CTE is the ‘new cool’ in Adair County

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Tyler Moore is the first Adair County student to participate in a new pre-apprenticeship program with area business Dr. Schneider Automotive Systems. Moore is working at the facility as part of his CTE program, gaining valuable apprenticeship hours in the industrial maintenance field.   Photo by Tim Thornberry, March 11, 2015
Tyler Moore is the first Adair County student to participate in a new pre-apprenticeship program with area business Dr. Schneider Automotive Systems. Moore is working at the facility as part of his CTE program, gaining valuable apprenticeship hours in the industrial maintenance field.
Photo by Tim Thornberry, March 11, 2015

By Tim Thornberry
tim.thornberry@education.ky.gov

Alan Reed, superintendent of Adair County Public Schools is excited about where his district is going educationally and he gives a lot of credit to the high school’s Career and Technical Education (CTE) wing.

Reed tells visitors to the district’s website that students will have more choices and opportunities than ever before with the opening of a new satellite technology campus of Lake Cumberland Area Technology Center (LCATC) and 39 career paths leading to industry certifications in health care occupations and welding/metal fabrication.

The 2014-15 school year marked the first for the satellite program and has brought about a heightened awareness of how valuable CTE programs can be to students and the community.

Three years ago Adair County was a traditional college-prep high school, Reed said. But when he started looking at data, it was very evident something needed to change.

“Having come from a business background myself, I realized from my own life that college-for-all is not where it’s at,” he said. “Had I not had other certifications along the way I would have probably starved a few times in my life.”

In addition to what he saw in the data coming from the state level, especially concerning college-and career-readiness (CCR) numbers, Reed said by chairing the Work Ready Committee in his county, he realized the positive connection CTE could make in getting the community moving forward in reaching Work Ready status.

The Kentucky Work Ready Communities initiative is a measure of a county’s workforce quality. Certification assures employers that a local workforce has the talent and skills necessary to staff existing jobs and to master the innovative technologies that new jobs will require.

“The big catalyst was the Work Ready Community project and it was apparent early on how it, the performance of the local school district and CCR dovetailed,” said Reed.

With the inclusion of the CCR measures implemented by the state through Senate Bill 1, many school districts began to see the relevance of CTE programs.

Phyllis Curry, Adair County’s instructional supervisor, said until a measure was available that would hold the district accountable, CTE was not looked at in the way it is now.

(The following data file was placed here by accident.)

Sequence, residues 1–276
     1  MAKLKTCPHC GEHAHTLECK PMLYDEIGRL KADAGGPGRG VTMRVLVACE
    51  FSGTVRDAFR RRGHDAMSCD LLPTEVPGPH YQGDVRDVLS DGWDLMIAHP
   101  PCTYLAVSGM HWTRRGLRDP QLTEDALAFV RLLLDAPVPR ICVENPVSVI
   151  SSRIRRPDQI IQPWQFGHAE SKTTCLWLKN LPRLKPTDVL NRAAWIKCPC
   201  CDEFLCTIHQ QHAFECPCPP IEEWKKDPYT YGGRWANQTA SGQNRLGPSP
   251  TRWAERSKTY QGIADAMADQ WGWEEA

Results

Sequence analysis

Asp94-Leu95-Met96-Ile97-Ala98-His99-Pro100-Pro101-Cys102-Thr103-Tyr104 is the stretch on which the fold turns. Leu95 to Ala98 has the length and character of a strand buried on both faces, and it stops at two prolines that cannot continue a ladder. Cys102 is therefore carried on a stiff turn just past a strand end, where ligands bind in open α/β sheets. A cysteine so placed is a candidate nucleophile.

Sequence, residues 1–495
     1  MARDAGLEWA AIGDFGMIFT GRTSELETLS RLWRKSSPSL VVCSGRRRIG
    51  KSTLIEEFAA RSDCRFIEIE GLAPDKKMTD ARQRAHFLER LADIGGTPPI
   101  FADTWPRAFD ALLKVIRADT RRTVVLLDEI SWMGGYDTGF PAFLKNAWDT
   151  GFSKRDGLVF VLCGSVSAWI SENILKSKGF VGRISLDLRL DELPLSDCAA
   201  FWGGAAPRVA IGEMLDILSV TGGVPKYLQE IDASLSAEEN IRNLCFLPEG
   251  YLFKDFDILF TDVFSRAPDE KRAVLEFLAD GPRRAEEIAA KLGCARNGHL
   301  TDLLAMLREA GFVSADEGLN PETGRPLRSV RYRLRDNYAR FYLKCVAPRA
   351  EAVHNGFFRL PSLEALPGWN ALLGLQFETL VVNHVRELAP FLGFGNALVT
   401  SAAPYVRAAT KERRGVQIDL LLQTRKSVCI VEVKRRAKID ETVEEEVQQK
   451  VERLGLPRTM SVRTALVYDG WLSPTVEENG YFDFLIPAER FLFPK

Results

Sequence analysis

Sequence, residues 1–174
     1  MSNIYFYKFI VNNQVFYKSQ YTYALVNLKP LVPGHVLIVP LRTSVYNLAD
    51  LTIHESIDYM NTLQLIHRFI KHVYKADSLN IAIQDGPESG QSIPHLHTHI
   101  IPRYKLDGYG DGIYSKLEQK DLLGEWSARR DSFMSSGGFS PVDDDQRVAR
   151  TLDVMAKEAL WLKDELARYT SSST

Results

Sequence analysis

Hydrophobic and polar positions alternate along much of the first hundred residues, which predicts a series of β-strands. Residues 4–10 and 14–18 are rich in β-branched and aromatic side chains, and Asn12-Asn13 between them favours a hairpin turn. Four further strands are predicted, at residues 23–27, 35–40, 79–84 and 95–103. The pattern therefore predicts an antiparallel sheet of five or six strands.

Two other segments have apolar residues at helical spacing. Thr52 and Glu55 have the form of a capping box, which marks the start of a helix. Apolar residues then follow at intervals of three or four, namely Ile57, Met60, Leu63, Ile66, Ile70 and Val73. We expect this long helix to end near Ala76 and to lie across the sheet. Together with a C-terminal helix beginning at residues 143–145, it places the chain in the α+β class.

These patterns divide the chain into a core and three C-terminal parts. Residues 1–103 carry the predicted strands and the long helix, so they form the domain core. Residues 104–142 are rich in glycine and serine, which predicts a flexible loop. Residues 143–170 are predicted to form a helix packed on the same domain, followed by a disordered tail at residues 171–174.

“Once we got the career measure, that sort of changed the whole complexion of everything,” she said.

The changes have sparked renewed interest and increased attendance at school-related events, like Parent Night, Reed said.

The school’s goal is to get every student at Adair County High into a career path and have them complete that path by graduation.

Reed said with the help of the Work Ready committee, some key partnerships were formed, grants were sought to help with funding and a massive public relations effort was put forth that has paid off with an immeasurable boost in community support.

But it was changing the perceived value of CTE and the students involved that really made a difference, he pointed out.

LCATC has long served the district’s students who wanted to attend, but the 25-minute bus ride  to the center and the perception that students who went there were not college or employee material was a barrier for other students.

But Reed believes that the opening of the satellite program and the now heightened awareness of the value of CTE, Adair County may be setting the wave of the future.

“You probably can’t build whole career and tech schools because of budget constraints in most counties in Kentucky but you can build satellite campuses,” he said. “To do that, you have to tear down the geographical boundaries and remember there are only the students and they need help.”

Because of the new satellite program, Reed said the welding program went from about five students to 100 with a waiting list. The health program had a similar increase in numbers.

The investment in those programs is already seeing dividends. The Adair County welding fabrication team took first place at this year’s SkillsUSA-Kentucky State Conference, which qualifies them for the national event to be held in June.

Reed said the renewed energy found at Adair County High School is due in large part to new opportunities for the students.

“CTE has risen to be the apex; it’s the new cool,” he said.

MORE INFO…

Alan Reed alan.reed@adair.kyschools.us

Phyllis Curry phyllis.curry@adair.kyschools.us

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